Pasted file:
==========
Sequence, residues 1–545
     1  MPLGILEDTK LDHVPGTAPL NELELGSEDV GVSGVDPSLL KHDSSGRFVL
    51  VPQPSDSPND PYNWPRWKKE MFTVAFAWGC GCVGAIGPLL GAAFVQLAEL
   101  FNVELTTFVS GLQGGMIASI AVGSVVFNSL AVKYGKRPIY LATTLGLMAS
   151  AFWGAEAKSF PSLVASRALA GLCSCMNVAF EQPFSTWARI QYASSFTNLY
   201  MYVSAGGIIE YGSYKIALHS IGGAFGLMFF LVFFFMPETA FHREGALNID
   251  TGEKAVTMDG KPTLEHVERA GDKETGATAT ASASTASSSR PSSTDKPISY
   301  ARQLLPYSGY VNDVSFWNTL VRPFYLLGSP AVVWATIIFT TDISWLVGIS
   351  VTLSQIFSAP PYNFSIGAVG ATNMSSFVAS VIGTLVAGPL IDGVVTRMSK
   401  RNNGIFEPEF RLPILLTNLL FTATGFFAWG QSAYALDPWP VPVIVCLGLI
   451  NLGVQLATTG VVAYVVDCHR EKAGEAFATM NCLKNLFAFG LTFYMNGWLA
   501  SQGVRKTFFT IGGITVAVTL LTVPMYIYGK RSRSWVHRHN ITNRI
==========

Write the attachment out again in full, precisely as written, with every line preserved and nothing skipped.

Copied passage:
Sequence, residues 1–545
     1  MPLGILEDTK LDHVPGTAPL NELELGSEDV GVSGVDPSLL KHDSSGRFVL
    51  VPQPSDSPND PYNWPRWKKE MFTVAFAWGC GCVGAIGPLL GAAFVQLAEL
   101  FNVELTTFVS GLQGGMIASI AVGSVVFNSL AVKYGKRPIY LATTLGLMAS
   151  AFWGAEAKSF PSLVASRALA GLCSCMNVAF EQPFSTWARI QYASSFTNLY
   201  MYVSAGGIIE YGSYKIALHS IGGAFGLMFF LVFFFMPETA FHREGALNID
   251  TGEKAVTMDG KPTLEHVERA GDKETGATAT ASASTASSSR PSSTDKPISY
   301  ARQLLPYSGY VNDVSFWNTL VRPFYLLGSP AVVWATIIFT TDISWLVGIS
   351  VTLSQIFSAP PYNFSIGAVG ATNMSSFVAS VIGTLVAGPL IDGVVTRMSK
   401  RNNGIFEPEF RLPILLTNLL FTATGFFAWG QSAYALDPWP VPVIVCLGLI
   451  NLGVQLATTG VVAYVVDCHR EKAGEAFATM NCLKNLFAFG LTFYMNGWLA
   501  SQGVRKTFFT IGGITVAVTL LTVPMYIYGK RSRSWVHRHN ITNRI